Going out of town for races has become my version of a mini-vacation. Now that I have my car with me in DC, I have the ability to participate in a bunch of races that I never really had the opportunity to run before. During my carless years, if the race was out of town, my only options were to find friends with cars who were also running the race (cough, mooch, cough) or make a whole huge vacation out of it, like I did with Chicago and the Disney races of 2013. I could have always rented a car to drive to the races, but on top of registration fees, meals, and hotel costs, adding a car rental and insurance expenses on top of it really made for an expensive race that most of the time never even happened. Before I moved away from DC, running the Richmond Marathon was always on my list of races to run, but this was the first time I could actually make it happen. Continue reading “Race Recap: Richmond Half-Marathon”
Recapping a race like the Chicago Marathon is like starting to train for one: I don’t know where to start. The beginning, obviously, but with a race like this, it’s moments of painful bursts of speed and hours on carefully-paced long runs, extra hours of sleep and accumulated minutes spent preparing recovery and fueling meals, it’s fleeting seconds spent thinking about how you can apply a new technique to your training. It’s dollars spent on new shoes, airline tickets, hotel rooms, victory meals, and all the logistics of getting out of your comfort zone and on a plane to the 3rd largest city in the country where the starting line in somewhere in the maze of streets that you’re soon going to run on. It’s all of those things that come down to a span of 2 hours for few, 3-5 hours for some, and 6-7 hours for a few more but the same distance for us all: 26.2 miles. To run a marathon is to witness the human existence, and I think that was what this race was all about for me. I’ve never really felt it before now– that sense that you are really part of something great. But you look up and you see thousands of people in every color of the rainbow, bobbing along in a run and it’s all just like….wow. I am here. Welcome to your life, welcome to existence. This is my world. Continue reading “Race Recap: Chicago Marathon Weekend”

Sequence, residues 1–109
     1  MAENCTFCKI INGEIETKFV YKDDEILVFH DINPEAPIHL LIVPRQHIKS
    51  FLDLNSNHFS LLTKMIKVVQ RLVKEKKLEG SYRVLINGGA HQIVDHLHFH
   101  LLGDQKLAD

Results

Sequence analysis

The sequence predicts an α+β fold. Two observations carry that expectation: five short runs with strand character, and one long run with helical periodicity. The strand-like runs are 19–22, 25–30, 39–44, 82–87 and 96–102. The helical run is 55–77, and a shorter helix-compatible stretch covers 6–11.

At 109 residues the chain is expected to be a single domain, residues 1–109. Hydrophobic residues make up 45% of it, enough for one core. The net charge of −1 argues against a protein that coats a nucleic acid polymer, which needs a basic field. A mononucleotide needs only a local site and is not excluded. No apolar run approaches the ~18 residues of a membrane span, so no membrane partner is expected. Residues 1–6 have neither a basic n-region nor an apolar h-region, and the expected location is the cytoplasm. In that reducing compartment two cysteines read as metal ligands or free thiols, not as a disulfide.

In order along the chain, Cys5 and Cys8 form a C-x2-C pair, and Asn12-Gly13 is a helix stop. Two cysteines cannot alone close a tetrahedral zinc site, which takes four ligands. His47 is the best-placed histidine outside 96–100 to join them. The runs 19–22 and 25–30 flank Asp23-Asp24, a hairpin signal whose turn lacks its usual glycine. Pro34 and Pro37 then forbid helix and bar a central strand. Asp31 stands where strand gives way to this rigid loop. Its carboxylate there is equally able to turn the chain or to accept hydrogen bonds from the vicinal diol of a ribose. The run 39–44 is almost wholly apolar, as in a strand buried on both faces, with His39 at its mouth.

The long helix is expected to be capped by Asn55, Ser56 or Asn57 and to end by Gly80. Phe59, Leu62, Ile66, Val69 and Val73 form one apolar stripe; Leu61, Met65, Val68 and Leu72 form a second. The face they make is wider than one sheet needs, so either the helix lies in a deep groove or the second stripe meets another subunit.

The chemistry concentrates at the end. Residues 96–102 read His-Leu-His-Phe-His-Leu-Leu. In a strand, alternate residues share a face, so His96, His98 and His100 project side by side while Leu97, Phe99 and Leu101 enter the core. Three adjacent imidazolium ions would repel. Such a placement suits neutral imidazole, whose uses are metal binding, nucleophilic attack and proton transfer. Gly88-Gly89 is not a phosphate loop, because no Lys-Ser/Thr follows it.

Instead of launching head first into a recap of my personal experience of this race, I have to give it up to the people of Lincoln, Nebraska for putting on one of the most supportive races that I have ever run. Seriously. Almost every step of the way during this race, the street curb was filled to the brim with people. Some of them were camped out– fleece blanket-draped cheerleaders in lawn chairs, passing out orange slices, jelly beans, banana slices, Kleenexes, frozen grapes, ice, Ring Pops, and probably a lot more energy boosters and running aids that I didn’t see in the blur. I even passed three college students, each hammocked one on top of the other between two sturdy trees in one of the neighborhoods near Union College. There was a ukelele band. A church choir. A drumline. Local garage bands. Trucks with their sub-woofers pounding. The only place where it wasn’t pretty much packed solid was along Highway 2 where the course bottle-necked along a humble running path, probably because parking was hard to find. Even then, there was a wall of cars and trucks parked end-to-end along the four-lane thoroughfare. And the signage ranged from “seen that before” to personalized to “and just how do you ask someone to print a four-foot picture of your mom’s head to put on a stick, I wonder?” Even though I knew no one along the course, I gave every stranger who had his or her hand outstretched along the course a high-five, especially kids, and I never once felt alone. Probably five total people called out my name, which was printed on my bib, and I didn’t even care if I was the “Sara” they were cheering for– it made me smile and was the difference between running and walking. Major kudos to the community of Lincoln, Nebraska. Continue reading “Race Recap: Lincoln National Guard Half-Marathon”